Cedar Breaks National Monument = Bryce Canyon – (.5 * Bryce Size) – (.95 * Bryce Crowds)

Basically Bryce Canyon, but not as big and definitely not as crowded. Similar hoodoos though. I was there on June 22nd, driving from SLC to San Diego.

Later that night I slept at a rest stop on the California side of the CA-NV line. I-15. The idling semi trucks were like white noise. The person whose car alarm went off once every two hours will one day pay for his (her) insolence.

Long before that, though:

Cedar Breaks National Monument


A marmot.

A marmot.

The road out.

The road out.

It’s a national monument that warrants about four photos and I *do* now realize that I should have taken more (a non-zero number of) pictures of the rest area. Although you’ve probably been there yourself — metaphorically if nothing else.


Mills Lake Hike and Rocky Mountain National Park

This happened a long time ago. Before I did my dissertation defense. Before my niece even got married. A long time ago.

Rocky Mountain National Park is a National Park located in Denver. There are a ton of people since in Denver (fine, “in Denver”, where “in” means less than 90 minutes away). The Mills Lake Hike was one I found out about online. It was pretty good. Get to the trailhead early to ensure parking and that the way up the trailer won’t be in bumper-to-bumper traffic.

I stayed at some campground just outside the park. It cost $26 because it’s in Denver.

Here’s the payoff from the hike:

Mills Lake at Rocky Mountain National Park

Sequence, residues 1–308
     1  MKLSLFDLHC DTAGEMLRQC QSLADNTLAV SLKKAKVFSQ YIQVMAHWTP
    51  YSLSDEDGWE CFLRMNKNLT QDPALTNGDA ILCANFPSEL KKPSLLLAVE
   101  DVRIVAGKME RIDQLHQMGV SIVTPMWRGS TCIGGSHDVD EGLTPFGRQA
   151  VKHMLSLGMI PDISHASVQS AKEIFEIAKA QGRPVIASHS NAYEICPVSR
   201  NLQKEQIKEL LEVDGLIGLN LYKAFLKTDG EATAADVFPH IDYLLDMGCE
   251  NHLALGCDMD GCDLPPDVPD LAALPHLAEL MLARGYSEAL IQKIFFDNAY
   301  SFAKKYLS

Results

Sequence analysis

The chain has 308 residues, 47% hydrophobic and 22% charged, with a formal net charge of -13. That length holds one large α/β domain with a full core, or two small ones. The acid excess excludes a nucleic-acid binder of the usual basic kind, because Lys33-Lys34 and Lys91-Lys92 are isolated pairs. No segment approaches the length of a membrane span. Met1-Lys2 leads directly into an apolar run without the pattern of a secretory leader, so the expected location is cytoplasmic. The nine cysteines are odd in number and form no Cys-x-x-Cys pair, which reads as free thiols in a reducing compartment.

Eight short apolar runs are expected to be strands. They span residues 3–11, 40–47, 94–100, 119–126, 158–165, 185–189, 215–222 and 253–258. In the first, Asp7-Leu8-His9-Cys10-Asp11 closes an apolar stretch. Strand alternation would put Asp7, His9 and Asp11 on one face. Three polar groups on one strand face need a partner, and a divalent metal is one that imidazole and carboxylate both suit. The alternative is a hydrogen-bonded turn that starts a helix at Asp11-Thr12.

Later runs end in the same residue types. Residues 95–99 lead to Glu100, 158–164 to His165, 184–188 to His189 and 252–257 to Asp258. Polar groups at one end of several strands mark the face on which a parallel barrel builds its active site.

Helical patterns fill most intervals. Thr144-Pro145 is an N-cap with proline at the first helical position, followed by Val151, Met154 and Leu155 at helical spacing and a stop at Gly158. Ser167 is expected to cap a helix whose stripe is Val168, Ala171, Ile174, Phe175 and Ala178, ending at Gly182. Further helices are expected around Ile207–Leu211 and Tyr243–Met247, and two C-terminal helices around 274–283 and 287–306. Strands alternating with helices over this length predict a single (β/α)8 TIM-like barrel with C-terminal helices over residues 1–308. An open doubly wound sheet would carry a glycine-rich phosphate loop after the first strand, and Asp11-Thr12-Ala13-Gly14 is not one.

Nice, right? I think it’s probably the highlight of the whole park.

On this photo, I think the horse’s head should be crossed out:

No Horses Sign

And somewhere along the way you see this:

Alberta Falls at RMNP

I think it’s called Alberta Falls. There’s no better angle without a helicopter and wires. Sorry. They should have angled the waterfall differently, I agree.

I actually remember thinking it was a great hike three of four weeks ago or whenever it was I actually did itt. I’m just a little jaded right now since I’ve been outside for the last week and seen a lot of mountains and lakes. Tomorrow I will see more mountains and lakes. We’ll see how disappointing they are. Here’s another photo of Mills Lake sort of with some mountains behind:


There was an ice field you had to walk across close to the lake. I got to the parking lot by like 8:30 or so. No problem finding parking and not too crowded on the way up. On the way down, all of Denver was on its way up. And most of Denver is part of one of a variety of youth groups. Then some dude commented on my hat so he could get to his punchline about how dumb it is for Under Armour to make pink camouflage underwear for girls.

After the hike, I drove through the rest of the park. Given that it’s located in a major metropolitan area, the drive over the crest of the park (parks have crests now) was conducted in heavy midday traffic and looked like this:

The top of RMNP

Vorwärts. Immer vorwärts nur.